Death of single screens, multiplex cinemas take their position | punjab | Hindustan Times
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Death of single screens, multiplex cinemas take their position

punjab Updated: Sep 01, 2013 23:39 IST
Rameshinder Singh Sandhu
multiplex cinemas

On one hand city seems to be busy in welcoming branded multiplex cinemas but on the other hand the single screen cinemas are dying. Single screen cinemas that were once thronged by audience in large numbers are struggling due to many reasons. Some have already closed their doors since they faced heavy losses.

They were once the most celebrated source of entertainment that introduced the city to movies from Bollywood, Hollywood and Pollywood. But now, no one cares for them albeit they offer a magnificent movie experience than the cinemas of a multiplex.

The government may have taken away entertainment tax from these cinemas but the owners and managers still have to face the struggle. Most single screens have more than 1000 seats but only few seats get occupied. Management of these cinemas brought to the notice of HT team that they hardly to do any business since their cinemas are not getting any audience due to which most of time they have to cancel the shows.

"There was time when only cinema showcased one movie with only 4 shows in a day but today one movie is being shown all the multiplex cinemas which makes about more than 40 shows in a day of the movie. Shockingly, more such multiplexes are about to open in the coming months which will shatter us completely", says Amritpal Singh Bhatia, Manager of New Rialto cinema. "Government should make efforts to promote the old cinemas that need attention rather than galvanizing new cinema centers", adds Bhatia.

Om Prakash, who is managing Adarsh Cinema since last 40 years says that government has turned a blind eye to the single screens. "I understand that people are enthralled towards branded cinemas since they are more comfortable but if we will not have any funds, how can we upgrade our cinemas to attract audience. Simply taking off entertainment tax does not help", says Prakash.

Sangam Cinema's owner, Parmod Mehra shared that since everyone cannot afford the expensive multiplex tickets, the single screens offer tickets at a very low price which ranges between Rupees 30 to 70. "During the first week of a new film, we do get audience but not as good as those old times. However, we are happy to cater to people who cannot afford the expensive tickets". Aanam Cinema's manager opines that quality of cinema has also dwindled and piracy levels are touching the sky. He proudly announced names of movies that gave great business such as Love Story, Kabhi Kabhi, Aasha to name a few.

"If single screen cinemas upgrade themselves as per the latest cinema standards then who will not like to go there since they offer a grand experience", says Pinder Kaur, a housewife who has unlimited old cinema memories to share. "I can never forget those days when i used to see every new movie with my cousins. We used to stand in the line for long hours to get the ticket and i don't think we have missed any cinema of the city where we have not seen any movie", adds Kaur.

Paramjit Kaur, a teacher bewails, "Multiplex cinemas may have arrived in the city but their expensive tickets cannot be afforded by everyone. However, single screens tickets have always catered to every level of the society and if single screens die, major part of the society may get disconnected from experiencing the movie culture at cinema houses".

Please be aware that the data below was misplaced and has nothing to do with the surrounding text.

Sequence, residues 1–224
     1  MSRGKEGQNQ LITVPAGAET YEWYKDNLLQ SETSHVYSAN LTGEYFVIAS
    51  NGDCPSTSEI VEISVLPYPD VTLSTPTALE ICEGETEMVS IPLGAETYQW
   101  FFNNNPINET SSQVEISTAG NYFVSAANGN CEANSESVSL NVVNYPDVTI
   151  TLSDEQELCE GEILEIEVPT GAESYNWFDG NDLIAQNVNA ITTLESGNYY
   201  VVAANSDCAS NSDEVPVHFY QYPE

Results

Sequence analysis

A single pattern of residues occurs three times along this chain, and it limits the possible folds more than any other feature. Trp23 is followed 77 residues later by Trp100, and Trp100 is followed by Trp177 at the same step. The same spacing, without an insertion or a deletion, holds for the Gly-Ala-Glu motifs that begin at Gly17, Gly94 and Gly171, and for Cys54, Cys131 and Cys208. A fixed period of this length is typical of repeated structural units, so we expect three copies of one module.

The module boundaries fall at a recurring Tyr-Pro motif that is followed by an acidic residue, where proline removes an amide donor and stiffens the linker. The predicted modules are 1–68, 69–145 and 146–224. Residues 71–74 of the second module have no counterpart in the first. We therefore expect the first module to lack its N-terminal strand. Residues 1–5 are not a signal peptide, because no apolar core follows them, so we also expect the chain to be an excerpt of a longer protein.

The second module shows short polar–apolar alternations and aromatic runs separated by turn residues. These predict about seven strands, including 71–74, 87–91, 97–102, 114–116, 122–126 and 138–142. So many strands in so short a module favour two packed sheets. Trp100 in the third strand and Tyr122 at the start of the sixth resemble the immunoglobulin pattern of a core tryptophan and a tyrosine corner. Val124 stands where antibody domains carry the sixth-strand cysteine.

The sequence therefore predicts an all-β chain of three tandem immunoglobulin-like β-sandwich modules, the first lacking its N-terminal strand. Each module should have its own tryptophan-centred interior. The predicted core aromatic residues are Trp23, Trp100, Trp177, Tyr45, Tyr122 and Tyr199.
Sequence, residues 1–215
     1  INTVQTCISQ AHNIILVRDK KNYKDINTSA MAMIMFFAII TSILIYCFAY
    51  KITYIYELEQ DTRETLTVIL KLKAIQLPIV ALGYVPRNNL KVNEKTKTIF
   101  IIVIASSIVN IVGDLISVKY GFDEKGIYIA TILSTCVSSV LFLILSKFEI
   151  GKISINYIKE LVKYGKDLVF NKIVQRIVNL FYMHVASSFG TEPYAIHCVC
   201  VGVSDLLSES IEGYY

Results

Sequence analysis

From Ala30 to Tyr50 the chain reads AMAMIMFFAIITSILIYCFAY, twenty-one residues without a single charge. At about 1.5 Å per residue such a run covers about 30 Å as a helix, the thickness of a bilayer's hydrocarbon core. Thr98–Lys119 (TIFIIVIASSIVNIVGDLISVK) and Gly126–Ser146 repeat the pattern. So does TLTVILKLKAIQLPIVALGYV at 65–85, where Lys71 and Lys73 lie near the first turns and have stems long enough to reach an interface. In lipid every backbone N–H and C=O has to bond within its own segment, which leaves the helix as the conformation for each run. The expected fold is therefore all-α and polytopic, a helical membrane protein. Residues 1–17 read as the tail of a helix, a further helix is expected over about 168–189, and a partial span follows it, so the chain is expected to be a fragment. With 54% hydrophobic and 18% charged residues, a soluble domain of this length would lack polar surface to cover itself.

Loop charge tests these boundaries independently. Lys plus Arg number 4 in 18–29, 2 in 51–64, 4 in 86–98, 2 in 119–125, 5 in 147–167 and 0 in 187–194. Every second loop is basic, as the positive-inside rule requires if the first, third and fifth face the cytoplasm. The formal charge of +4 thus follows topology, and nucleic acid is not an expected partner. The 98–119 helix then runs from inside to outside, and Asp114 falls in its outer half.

Stars Speak:

"Cinema should be versatile which should cater to every level of society. Secondly, piracy must be discouraged which not only affects single screens but also branded cinemas. Thirdly and most importantly if single screen cinemas are well maintained, everyone will look forward to watch movies there. For instance, Raj Mandir in Jaipur enthralls great audience for the same reason". - Aman Dhaliwal, Bollywood and Pollywood actor

"The audience today wants quality that single screens do not provide. So, how do they expect audience in large numbers. They need to match their quality according to branded cinemas and secondly, piracy must be stopped at any cost". -Sardar Sohi, Veteran Pollywood film actor

Technology made work easy but still no business:

Pritam Singh who works at Adarsh cinema from last 48 years feels that his work life has turned easier since the new projector replaced the old one. "There were two old projector sets in which reels were used and with the support of the carbon sticks that produced light, movies were showcased", says Singh. He says the operating process was arduous which involved first of all loading the reels followed by checking the carbon sticks (if appropriate as per the reel). Then finally projector is turned on and when carbon starts to produce light.

The old projector involved lot of manual work whereas the new projector is more like a DVD which requires automatic handling. The operator simply plays the movie that is released through a satellite from the distributor.

However, he concluded by saying that technology has simplified his work process and has raised the screening quality but opines that single screens are struggling to get audience and hence make no business.

When asked if he misses working with old projector, he opined that old is gold and added, "It will remain special for me forever since i started my work life with it and i keep cleaning it whenever i get time".

Dead city cinemas:

Gagan, Maya, Nandan, Ashok, City Lite, Heritage Chitra, Prakash and many more may fall in the same category if we look at their present scenario.
Multiplex cinemas of the holy city: Big Cinemas (4 Screens), Cinepolis (4 Screens), Fun Cinemas (4 Screens) and many projects in the pipeline.